What is in this article?:
- Energy beets for biofuel could be winter cash crop for Southeast growers
- Take advantage of left-over nitrogen
• If successful, this will provide farmers across the Southeast with a winter crop to grow in rotation with their summer commodities.
• The use of energy beets as a biofuel crop would also create an alternative to cellulosic biofuel production and would not displace the current summer crop production.
A PAIR of beets plants are shown on the Lang Farm in Tifton, Ga.
Take advantage of left-over nitrogen
Planting after corn is also beneficial because it allows beet farmers to use left-over nitrogen remaining in the soil. The beets’ deep tap roots mine soil nitrates from soil depths of 8 feet.
“It scavenges the remaining nitrogen in the soil that was put out on the corn and puts it to use,” Webster said.
By growing energy beets during the winter, Grey and Webster can make better use of the resources at their disposal. They are taking advantage of the mild climate in south Georgia, which offers very little freezing temperatures during the winter months. If successful, planting energy beet could provide farmers a winter commodity to grow in rotation with their summer crops.
“I think this system makes sense for our growers; it allows them to take advantage of a time of year where we don’t have anything in the ground and provides them with another potential cash crop,” Webster said.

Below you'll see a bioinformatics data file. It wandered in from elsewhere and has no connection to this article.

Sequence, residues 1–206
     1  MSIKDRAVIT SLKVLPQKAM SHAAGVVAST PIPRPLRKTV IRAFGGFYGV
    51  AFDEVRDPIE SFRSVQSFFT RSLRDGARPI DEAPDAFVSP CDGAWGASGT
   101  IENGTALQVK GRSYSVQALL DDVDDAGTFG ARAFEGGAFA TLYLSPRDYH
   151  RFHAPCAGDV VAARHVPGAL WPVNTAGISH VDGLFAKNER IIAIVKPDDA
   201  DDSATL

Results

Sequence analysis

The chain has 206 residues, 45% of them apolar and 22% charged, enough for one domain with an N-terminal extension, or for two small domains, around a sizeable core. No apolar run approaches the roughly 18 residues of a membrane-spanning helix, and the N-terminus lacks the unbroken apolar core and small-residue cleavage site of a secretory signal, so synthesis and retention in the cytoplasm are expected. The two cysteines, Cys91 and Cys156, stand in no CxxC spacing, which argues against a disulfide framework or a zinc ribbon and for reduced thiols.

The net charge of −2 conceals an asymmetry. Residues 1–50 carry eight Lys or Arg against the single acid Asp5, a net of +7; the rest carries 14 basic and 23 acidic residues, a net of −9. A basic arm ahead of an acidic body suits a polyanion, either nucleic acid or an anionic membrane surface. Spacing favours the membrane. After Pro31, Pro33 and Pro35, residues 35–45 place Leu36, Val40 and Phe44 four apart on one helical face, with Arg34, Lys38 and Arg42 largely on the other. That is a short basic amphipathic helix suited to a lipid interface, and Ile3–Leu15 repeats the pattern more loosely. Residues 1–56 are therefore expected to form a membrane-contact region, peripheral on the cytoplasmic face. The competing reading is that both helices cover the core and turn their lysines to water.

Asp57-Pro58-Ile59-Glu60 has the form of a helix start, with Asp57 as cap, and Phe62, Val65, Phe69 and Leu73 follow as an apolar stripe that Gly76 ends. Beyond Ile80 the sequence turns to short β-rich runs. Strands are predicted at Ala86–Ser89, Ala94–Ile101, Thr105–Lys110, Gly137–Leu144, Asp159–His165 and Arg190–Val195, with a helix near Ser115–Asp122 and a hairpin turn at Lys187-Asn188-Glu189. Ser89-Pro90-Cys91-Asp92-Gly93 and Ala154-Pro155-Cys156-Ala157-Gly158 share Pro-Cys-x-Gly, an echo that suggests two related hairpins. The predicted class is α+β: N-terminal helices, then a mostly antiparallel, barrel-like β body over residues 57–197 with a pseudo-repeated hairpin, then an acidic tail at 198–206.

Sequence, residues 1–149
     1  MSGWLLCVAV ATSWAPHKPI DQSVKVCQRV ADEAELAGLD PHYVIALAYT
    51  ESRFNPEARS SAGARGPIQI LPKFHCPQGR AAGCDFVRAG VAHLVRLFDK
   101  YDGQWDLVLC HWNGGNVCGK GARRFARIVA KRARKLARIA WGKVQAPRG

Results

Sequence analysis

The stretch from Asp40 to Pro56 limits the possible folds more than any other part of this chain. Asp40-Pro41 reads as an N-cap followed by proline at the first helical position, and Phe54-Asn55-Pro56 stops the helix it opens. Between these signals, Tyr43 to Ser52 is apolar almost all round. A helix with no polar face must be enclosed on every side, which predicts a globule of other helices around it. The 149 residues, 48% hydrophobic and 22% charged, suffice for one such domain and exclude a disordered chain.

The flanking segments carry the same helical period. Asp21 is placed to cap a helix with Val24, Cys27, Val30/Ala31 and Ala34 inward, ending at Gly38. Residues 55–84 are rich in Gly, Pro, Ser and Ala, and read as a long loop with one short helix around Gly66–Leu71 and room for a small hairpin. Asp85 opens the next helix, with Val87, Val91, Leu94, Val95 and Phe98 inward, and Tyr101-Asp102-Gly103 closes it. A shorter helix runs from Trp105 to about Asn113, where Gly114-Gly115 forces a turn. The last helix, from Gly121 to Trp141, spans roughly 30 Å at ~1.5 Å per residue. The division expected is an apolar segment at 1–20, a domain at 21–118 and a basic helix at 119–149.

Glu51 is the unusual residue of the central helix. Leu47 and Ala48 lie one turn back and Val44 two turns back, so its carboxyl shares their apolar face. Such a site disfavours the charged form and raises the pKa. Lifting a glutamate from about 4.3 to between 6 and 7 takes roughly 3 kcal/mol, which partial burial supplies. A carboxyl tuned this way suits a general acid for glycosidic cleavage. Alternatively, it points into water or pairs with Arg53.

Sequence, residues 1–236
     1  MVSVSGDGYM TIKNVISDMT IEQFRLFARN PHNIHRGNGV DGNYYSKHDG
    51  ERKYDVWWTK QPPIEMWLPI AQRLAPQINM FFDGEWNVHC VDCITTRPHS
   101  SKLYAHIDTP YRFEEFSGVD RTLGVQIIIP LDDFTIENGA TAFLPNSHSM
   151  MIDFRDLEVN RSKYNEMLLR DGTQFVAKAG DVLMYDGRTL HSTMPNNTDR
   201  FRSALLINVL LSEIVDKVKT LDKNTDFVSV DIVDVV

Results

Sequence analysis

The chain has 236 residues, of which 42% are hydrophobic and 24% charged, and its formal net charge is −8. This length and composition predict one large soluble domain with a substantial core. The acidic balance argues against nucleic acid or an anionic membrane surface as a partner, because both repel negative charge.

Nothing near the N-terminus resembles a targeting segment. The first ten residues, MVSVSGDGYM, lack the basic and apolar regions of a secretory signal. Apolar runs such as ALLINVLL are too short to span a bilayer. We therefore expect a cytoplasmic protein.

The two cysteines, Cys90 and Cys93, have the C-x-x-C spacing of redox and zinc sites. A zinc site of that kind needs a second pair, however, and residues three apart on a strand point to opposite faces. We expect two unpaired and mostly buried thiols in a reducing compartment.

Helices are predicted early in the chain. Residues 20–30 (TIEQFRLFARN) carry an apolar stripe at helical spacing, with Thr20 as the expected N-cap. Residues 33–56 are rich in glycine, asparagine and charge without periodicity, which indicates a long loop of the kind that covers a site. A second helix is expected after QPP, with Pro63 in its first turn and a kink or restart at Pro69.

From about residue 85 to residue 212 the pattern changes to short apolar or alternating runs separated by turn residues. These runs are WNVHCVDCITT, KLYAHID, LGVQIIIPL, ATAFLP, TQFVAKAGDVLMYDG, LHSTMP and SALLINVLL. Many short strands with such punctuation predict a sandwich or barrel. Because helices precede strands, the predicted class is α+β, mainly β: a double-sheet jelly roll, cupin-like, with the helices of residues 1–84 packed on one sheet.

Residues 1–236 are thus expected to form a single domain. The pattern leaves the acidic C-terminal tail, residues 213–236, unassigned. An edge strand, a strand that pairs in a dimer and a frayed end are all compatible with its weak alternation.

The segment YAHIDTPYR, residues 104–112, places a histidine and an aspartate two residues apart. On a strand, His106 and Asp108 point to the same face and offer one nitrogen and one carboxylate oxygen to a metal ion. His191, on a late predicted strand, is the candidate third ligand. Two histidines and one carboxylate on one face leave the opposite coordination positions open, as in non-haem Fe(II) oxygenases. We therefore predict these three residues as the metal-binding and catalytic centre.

While the prospect of farming energy beets is looking up for farmers in the region, he said there are concerns that still need to be addressed.
“Excessive persistence from previous herbicides put out in cotton and peanuts could be an issue. There are carry over issues with establishment in some of the energy beets,” Webster said. “That’s one problem we foresee. Another problem would be some of the plant pathogens as well as nematodes.”
Nematodes are round worms that feed on roots and cause galls to form. This prunes the roots and limits the amount of water the plant can access, resulting in stunted and wilted plants. When plants are weakened, other diseases may occur.
While the economics of growing energy beets needs to be evaluated for south Georgia, the crop is well established in other regions of the U.S.
Nitrogen, fungicide and herbicide levels are currently being evaluated and will help clarify the crop’s economic potential in the region.
“In terms of production, energy beets offer a big yield and represent a second cash crop when fields are typically empty,” Grey said. “Given the world economy, growing energy alternatives to oil, which are adaptable to changes in the market will be the key to success.”
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